BIBLE READING:Luke 18: 9-14†† The Pharisee and the tax collector



Today is Reformation Sunday. Today we remember the cornerstone of Reformation theology Ė Grace not Works. And so we approach the parable of the Pharisee and the Tax Collector. But be warned: this passage is a trap, a trap set for the preacher and hearer alike.

The moral of this story is clear - donít think too highly of yourself like this hypocritical Pharisee; rather, be like the distasteful tax collector. Or, to make it simpler, this parable can be explained in two words: ďbe humble.Ē

But there's a problem: whenever a parable seems this clear and this simple, it makes me wonder Ė what's the catch? Because a careful reader of Lukeís story about Jesus will realise that Luke is the master of reversals. From Maryís song at the beginning of the Gospel to the surprising words Jesus utters both to crowd and thief at the cross, things never stay as they are for long in this story. So letís take a closer look at these two characters.

First, the Pharisee: To be honest, he only speaks the truth: he is righteous. He leads a life blameless according to the law. He fasts and gives alms and indeed bears no resemblance to the unsavory characters with which he compares himself. What, then, is his problem? It narrows down to one thing: while he is right about the kind of life lives, he is confused about the source of that life. For while he prays to God, his prayer finally is about himself, and because he misses the source of his blessing, he despises those people God loves. For this reason, he leaves the Temple as righteous according to the law as when he entered, but he is not justified; that is, he is not called righteous by God Ė not that it would ever occur to him to ask.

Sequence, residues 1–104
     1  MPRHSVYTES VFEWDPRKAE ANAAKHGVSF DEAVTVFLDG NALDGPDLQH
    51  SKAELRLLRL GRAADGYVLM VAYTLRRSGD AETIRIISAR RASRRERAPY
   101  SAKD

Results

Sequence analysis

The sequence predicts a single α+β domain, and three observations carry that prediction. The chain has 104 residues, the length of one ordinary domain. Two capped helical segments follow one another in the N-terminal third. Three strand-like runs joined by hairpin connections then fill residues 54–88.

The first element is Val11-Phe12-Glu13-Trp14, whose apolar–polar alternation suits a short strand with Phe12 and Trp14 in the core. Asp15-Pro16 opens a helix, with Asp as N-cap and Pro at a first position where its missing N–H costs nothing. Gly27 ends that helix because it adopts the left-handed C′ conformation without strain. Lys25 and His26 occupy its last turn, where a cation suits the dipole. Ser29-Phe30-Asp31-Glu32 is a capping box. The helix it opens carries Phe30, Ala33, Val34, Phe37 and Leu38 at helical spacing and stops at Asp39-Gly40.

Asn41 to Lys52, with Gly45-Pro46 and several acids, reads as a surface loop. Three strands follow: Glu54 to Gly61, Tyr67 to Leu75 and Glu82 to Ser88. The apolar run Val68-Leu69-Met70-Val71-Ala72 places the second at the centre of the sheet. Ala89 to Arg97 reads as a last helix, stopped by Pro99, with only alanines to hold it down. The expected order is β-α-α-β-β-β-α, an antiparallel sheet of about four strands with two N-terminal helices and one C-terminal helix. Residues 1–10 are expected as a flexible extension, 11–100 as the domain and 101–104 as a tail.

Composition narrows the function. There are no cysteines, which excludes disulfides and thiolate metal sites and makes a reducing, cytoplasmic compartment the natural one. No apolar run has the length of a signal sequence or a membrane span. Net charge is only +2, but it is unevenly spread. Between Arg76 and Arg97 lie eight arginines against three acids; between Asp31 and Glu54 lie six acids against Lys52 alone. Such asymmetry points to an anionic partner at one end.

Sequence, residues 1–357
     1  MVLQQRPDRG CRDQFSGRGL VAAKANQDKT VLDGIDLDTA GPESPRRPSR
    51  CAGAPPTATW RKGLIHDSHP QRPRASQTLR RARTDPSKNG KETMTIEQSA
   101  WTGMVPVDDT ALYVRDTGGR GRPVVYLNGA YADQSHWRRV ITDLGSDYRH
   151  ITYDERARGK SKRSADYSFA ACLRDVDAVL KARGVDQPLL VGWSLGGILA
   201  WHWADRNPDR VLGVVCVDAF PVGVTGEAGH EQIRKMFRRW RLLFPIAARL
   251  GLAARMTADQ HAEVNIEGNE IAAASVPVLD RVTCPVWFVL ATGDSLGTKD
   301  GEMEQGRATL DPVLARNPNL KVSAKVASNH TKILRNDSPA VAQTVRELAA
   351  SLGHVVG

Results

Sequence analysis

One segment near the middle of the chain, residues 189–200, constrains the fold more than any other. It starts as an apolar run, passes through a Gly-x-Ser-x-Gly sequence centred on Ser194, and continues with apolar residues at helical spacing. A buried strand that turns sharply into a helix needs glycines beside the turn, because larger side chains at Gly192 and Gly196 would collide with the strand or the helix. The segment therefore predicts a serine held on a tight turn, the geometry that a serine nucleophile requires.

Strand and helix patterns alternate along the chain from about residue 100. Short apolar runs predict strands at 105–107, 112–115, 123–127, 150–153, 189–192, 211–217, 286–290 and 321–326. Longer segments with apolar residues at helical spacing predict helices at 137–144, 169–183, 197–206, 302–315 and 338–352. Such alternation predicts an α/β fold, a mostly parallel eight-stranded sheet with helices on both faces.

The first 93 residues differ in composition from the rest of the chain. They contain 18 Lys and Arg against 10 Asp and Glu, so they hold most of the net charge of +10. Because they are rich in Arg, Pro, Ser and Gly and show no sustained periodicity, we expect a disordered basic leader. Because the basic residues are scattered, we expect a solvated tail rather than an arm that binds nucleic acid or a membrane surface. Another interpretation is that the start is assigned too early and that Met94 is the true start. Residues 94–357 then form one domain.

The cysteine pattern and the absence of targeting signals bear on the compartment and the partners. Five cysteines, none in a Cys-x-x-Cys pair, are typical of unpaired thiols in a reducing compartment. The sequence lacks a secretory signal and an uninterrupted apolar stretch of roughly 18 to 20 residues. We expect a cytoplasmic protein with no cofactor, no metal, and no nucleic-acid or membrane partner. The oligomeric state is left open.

Second, the tax collector: Once again, Jesus messes with our expectations. For there is no note of repentance in the tax collectorís speech, no pledge to leave his employment or give back to those he has cheated, no promises of a new and better life. Nothing, except the simple acknowledgement that he is utterly and entirely dependent on Godís mercy. The tax collector knows the one thing the Pharisee does not: his life is Godís - his past, present, and future entirely dependent on Godís grace and mercy.

Which is, of course, what the Reformation was all about. Luther realised first and foremost that if anything about his salvation rested on his ability, character, or faith - whether the good works and indulgences of the sixteenth-century or the earnest plea to ďmake a decision for JesusĒ in the twenty-first - he was lost. He could claim nothing other than Godís good favour.

Which is where the first part of the trap of this parable rests. Because the minute you decide to take this parable to heart and ďbe humbleĒ like the Tax Collector, itís pretty hard not to also be grateful youíre not like that Pharisee. And then the trap has sprung. Itís not about you, you see. Not your humility or lack of pride or even about your being a child of the Reformation or one justified by faith. Itís not about you; itís about God.

But thereís another trap in the parable as well. And thatís to hear in the tax collectorís confession an example that we also ought to live our lives fully and entirely aware of our status as a sinner. But the minute you do that, youíve also shifted attention away from Godís activity to your status. And the trap is sprung one more time. Once again, itís not about you - not about you being a sinner or a wretch or one who does not deserve or merit Godís grace or however you might want to formulate it. Itís just not about you; itís about God.


This parable - and indeed the whole Reformation - was and is an attempt to shift our attention from ourselves - our piety or our passions, our faith or our failure, our glory or our shame - to God, the God who delights in justifying the ungodly, welcoming the outcast, and healing all who are in need.


Acknowledgement: Prof David Lose